Who were the Hospitallers?


English: One reported version of the flag of t...
English: One reported version of the flag of the Knights Templar, but not the most famous or widely accepted one. That honour is given to the standard red cross on plain white background, which symbolized purity and innocence. Crusades (Photo credit: Wikipedia)

At around the same time that the Templars were formed in the Holy Land in the early 12th century – up pops another order of military monks called the Hospitallers.  Unlike the Templars, they were not subsequently persecuted out of existence and still exist as a formal organisation today – though not exactly resembling the medieval order.

So how different were they from the Templars?    Well, as we know I hope, the Templars were formed to protect pilgrims on their way to the holy sites from attacks by bandits and Saracens.  The Hospitallers seem to have been formed to serve the medical hospital, such as it was, in Jerusalem.  Hence the name of the order.

According to Karen Ralls in her excellent ‘Knights Templar Encyclopedia’, there were hospitals in Jerusalem after the First Crusade and possibly even before – but they were not in continuous use.  Then along came the Benedictines who set up a hospital near the Holy Sepulchre around the year 1080.  It was the chap in charge of this place – a man called Gerard – who went on to become the first Grand Master of the Hospitallers.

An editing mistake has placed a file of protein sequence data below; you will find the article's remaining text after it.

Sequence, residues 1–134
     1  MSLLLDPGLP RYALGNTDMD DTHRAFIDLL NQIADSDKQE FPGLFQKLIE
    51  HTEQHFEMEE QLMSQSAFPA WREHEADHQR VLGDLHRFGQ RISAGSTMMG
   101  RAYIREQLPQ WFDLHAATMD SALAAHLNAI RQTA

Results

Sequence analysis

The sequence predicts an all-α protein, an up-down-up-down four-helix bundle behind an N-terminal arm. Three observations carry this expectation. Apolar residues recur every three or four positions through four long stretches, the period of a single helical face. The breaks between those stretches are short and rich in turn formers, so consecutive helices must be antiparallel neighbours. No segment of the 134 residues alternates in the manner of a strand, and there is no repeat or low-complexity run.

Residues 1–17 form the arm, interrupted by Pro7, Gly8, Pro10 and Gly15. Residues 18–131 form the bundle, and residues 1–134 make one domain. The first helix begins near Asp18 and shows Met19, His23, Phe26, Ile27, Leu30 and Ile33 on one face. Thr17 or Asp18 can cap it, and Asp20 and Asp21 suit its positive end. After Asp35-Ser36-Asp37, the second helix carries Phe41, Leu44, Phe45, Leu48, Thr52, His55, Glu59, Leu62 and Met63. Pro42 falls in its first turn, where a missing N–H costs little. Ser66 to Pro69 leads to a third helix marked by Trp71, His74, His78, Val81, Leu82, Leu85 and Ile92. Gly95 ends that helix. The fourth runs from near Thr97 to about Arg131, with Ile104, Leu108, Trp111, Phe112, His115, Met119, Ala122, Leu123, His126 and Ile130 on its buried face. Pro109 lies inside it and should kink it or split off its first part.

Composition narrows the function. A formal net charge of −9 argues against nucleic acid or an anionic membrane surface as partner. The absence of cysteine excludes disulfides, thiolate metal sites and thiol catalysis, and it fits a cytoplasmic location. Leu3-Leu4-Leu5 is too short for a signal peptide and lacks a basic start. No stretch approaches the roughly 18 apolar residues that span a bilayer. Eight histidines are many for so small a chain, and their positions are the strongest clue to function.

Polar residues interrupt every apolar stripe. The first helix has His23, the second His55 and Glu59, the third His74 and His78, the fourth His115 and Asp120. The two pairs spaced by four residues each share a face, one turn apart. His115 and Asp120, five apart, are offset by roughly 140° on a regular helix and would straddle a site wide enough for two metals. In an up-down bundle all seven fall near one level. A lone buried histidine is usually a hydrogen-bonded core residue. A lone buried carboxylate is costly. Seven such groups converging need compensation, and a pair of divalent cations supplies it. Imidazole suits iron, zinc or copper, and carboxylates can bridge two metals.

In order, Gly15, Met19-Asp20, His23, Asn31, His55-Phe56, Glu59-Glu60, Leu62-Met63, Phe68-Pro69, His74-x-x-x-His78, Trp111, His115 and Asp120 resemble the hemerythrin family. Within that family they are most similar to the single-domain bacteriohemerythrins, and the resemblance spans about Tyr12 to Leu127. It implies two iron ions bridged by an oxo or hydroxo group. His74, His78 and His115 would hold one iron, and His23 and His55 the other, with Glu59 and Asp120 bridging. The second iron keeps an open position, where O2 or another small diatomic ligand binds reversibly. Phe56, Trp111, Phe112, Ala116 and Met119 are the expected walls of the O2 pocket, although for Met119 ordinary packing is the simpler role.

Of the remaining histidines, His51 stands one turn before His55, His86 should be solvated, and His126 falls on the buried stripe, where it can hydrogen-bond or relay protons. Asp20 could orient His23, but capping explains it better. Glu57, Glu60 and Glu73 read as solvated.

Pope Paschal II recognised the Hospitallers in 1113, five years before the official founding date of the Templars.  Both Templars and Hospitallers were under the direct protection of the papacy in Rome. Like the Templars, they seem to have evolved quite rapidly from providing services to pilgrims in to becoming a full blown military order with, it’s believed, quite a formidable fleet.  Also like the Templars, they found themselves retreating across the Mediterranean – first to Rhodes and then Malta – as the Saracens gained the upper hand in the Middle East.

Gerard died in 1120 and his skull is still revered as a relic at the Convent of Saint Ursula in Valletta in Malta.  The “Maltese Cross” is the one most associated with the Hospitallers whose black mantles – in contrast to the white of the Templar knights – were emblazoned with a white cross.   I do wonder if the Hospitallers could easily have been confused for Templar serjeants – the more junior rank of Templars who also wore black mantles.

As you can imagine, there was some rivalry between the Hospitallers and Templars and when the Templar order was crushed by the papacy and king of France, it should come as no surprise to find that the Hospitallers made a grab for Templar properties.

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